Environmental Land Management and Soil
Environmental Land Management (ELM) is the scheme proposed by the government to replace the current EU Common Agricultural Policy Basic Payment Scheme. It aims to balance food production with the incentivising of farmers and land managers to help deliver the six 25 Year Environment Plan goals. These are: clean and plentiful water, clean air, thriving plants and wildlife, reduction in and protection from environmental hazards, adaptation to and mitigation of climate change, beauty, heritage and engagement with the environment.
Healthy soil is critical for achieving most if not all of the goals listed above. Indeed, soil has been described as the ‘golden thread’ that runs through ELM. From the very beginning Defra Secretary of State, Michael Gove, has stated that public money should reward people who look after their soil, especially those farmers who build soil carbon.
The current framing of the policy contradicts this however. While healthy soil is considered to be a natural asset from which public goods can flow, it is not considered a public good in and of itself, and therefore not a beneficiary – or an environmental outcome - that is eligible for direct investment. As an‘asset’, it is also owned, e.g. by a farmer, meaning public money cannot be allocated to it.
We consider this approach to be both short-sighted and counter-productive. 80% of the costs associated with degraded soils – carbon and biodiversity loss, flood damage, etc., occur off-site and so are either invisible or of limited concern to those whose actions may be causing them. This ‘disconnect’ between the way soils are used and the broader consequences for society and the economy represents a market failure and failure of soil governance, and therefore justification for government intervention. ELM, alongside an effective regulatory baseline could act as a critical tool to correct this failure, to measure and demonstrate soil’s public and private impact and as a mechanism to align incentives accordingly. The core ambition should be an increase in soil organic matter which has widespread benefits for soil health. This could be achieved by incentivising practices such as cover crops, herb-rich leys, legumes etc - with different targets and time frames for particularly degraded soils.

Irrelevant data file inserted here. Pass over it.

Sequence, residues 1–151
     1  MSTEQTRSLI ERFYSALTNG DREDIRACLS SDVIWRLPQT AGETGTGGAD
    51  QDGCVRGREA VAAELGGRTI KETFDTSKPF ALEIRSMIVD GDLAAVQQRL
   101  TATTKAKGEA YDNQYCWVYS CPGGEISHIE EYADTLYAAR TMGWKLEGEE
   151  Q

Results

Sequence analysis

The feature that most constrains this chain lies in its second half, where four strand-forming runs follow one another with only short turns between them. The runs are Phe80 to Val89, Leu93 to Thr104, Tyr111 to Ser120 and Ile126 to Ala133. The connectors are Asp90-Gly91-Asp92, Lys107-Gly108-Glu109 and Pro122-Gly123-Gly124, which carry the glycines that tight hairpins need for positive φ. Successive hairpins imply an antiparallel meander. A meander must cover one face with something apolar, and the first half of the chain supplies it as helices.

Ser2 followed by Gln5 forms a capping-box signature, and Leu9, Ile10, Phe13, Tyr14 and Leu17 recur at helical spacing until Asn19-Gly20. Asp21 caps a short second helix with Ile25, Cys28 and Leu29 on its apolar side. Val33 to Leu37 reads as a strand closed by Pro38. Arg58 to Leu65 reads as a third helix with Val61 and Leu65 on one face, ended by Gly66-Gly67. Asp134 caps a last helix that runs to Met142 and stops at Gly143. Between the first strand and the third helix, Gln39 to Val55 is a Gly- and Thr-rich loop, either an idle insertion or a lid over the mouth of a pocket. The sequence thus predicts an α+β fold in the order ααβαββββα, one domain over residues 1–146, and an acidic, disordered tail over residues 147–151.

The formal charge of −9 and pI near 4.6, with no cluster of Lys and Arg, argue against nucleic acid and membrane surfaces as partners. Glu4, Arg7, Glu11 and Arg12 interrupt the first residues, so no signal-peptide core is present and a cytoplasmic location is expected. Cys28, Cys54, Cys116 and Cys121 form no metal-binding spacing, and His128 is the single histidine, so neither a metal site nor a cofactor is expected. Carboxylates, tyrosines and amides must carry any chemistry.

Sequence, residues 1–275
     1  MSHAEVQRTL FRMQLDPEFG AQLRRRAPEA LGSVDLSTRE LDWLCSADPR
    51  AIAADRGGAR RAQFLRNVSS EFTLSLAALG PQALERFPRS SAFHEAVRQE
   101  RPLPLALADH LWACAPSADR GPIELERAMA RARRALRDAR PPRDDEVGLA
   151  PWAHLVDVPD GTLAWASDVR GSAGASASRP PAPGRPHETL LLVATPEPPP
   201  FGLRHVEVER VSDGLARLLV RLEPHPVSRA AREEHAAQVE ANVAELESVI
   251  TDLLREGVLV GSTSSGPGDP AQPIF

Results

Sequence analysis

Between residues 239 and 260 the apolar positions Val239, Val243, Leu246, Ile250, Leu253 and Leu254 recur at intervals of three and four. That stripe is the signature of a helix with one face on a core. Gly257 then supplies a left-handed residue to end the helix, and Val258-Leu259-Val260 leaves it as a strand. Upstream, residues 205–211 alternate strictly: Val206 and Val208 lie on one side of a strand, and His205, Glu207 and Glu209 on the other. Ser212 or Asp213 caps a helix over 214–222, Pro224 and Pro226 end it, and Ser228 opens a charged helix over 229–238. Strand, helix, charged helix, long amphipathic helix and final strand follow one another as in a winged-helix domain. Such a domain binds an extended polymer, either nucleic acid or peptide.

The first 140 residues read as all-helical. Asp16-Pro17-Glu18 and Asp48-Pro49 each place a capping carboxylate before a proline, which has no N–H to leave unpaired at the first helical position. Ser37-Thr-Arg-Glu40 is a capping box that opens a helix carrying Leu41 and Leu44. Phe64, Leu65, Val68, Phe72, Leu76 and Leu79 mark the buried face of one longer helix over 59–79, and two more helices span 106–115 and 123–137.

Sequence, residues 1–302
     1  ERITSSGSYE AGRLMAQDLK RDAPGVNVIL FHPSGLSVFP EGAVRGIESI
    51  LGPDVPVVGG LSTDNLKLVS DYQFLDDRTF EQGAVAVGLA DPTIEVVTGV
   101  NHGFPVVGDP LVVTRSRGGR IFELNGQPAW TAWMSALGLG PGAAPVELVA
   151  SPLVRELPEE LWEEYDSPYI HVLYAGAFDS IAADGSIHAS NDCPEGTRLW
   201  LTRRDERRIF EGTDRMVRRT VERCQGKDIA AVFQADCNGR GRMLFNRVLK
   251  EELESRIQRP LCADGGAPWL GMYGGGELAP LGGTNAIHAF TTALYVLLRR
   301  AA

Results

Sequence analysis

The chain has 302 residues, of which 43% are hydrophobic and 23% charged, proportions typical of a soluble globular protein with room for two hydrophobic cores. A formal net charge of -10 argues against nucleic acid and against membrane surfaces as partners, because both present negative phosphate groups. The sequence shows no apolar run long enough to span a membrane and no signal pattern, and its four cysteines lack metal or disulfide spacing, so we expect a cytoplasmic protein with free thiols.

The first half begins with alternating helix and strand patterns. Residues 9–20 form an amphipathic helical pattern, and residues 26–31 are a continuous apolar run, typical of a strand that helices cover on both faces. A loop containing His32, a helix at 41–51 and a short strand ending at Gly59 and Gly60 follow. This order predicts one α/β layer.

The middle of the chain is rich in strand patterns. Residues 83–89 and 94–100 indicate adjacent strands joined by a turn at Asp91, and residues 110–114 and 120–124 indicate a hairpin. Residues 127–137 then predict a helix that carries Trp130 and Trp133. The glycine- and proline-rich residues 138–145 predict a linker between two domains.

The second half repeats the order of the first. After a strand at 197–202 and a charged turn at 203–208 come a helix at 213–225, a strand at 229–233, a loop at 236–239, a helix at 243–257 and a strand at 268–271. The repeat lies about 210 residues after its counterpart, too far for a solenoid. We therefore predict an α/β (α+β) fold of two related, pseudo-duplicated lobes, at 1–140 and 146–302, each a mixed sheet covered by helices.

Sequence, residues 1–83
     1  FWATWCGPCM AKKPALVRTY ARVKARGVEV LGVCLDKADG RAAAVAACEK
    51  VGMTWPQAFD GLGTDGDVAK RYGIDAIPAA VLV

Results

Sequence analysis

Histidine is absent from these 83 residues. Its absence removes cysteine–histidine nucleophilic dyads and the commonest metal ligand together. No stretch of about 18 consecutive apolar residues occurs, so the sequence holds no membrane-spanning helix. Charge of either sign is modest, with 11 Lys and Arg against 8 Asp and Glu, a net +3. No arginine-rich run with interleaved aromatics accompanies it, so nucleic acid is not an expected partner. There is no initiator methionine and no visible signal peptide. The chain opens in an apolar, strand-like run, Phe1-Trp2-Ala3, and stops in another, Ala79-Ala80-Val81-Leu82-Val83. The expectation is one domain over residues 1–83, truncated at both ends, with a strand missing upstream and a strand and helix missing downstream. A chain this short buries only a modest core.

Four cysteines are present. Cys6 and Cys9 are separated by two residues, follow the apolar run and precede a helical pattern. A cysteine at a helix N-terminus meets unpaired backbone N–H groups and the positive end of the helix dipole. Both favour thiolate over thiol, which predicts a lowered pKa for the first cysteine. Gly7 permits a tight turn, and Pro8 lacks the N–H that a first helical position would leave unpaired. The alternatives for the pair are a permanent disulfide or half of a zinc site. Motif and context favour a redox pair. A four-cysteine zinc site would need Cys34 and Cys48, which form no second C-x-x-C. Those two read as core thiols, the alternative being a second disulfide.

To support this, soil metrics should be developed to measure outcomes. These metrics need to be simple, practical and carried out by farmers - a mixture of visual assessment and traditional soil analysis.
The practicalities of the ELM scheme including questions about the delivery mechanism, who carries out evaluation, monitoring and assessment are still under consideration, and being evaluated as a series of ‘tests and trials’ alongside government agencies, civil society groups and the farming industry. The scheme is due to be in place sometime after 2022.
At the SSA, we have submitted alongside partners our own tests and trials showcasing new, innovative approaches to soil management. In addition, as ELM continues its evolution, we will:
Continue to make the case for healthy soil as a public good in its own right by highlighting the range of public goods it provides, the societal costs of soil degradation and the lack of alignment between impact and incentivisation
Evaluate the outcomes and learnings from all ELM trials as they relate to soil
Analyse and understand the impact of other critical factors – e.g. the impact of short land tenancies, the role of the supply chain
Contribute to the political and technical debates on the development of on-farm soil monitoring methods and indicators
We submitted a parliamentary question in June 2019 requesting further clarification on whether soil would be considered a public good and therefore eligible for public money. Read our question in full and the response from Farming Minister Robert Goodwill below.
READ OUR COLLABORATIVE ELM testing & trials PROPOSALS:
Submitted by Yeo Valley Farms Ltd, Rhodyate, Blagdon, Bristol, BS40 7YE
Submitted by Elizabeth Stockdale, NIAB
Working with the AHDB-BBRO Soil Biology and Soil Health Research Partnership, the Sustainable Soils Alliance (SSA) and UK Soil Health initiative (UKSHi, now aligned with CFE)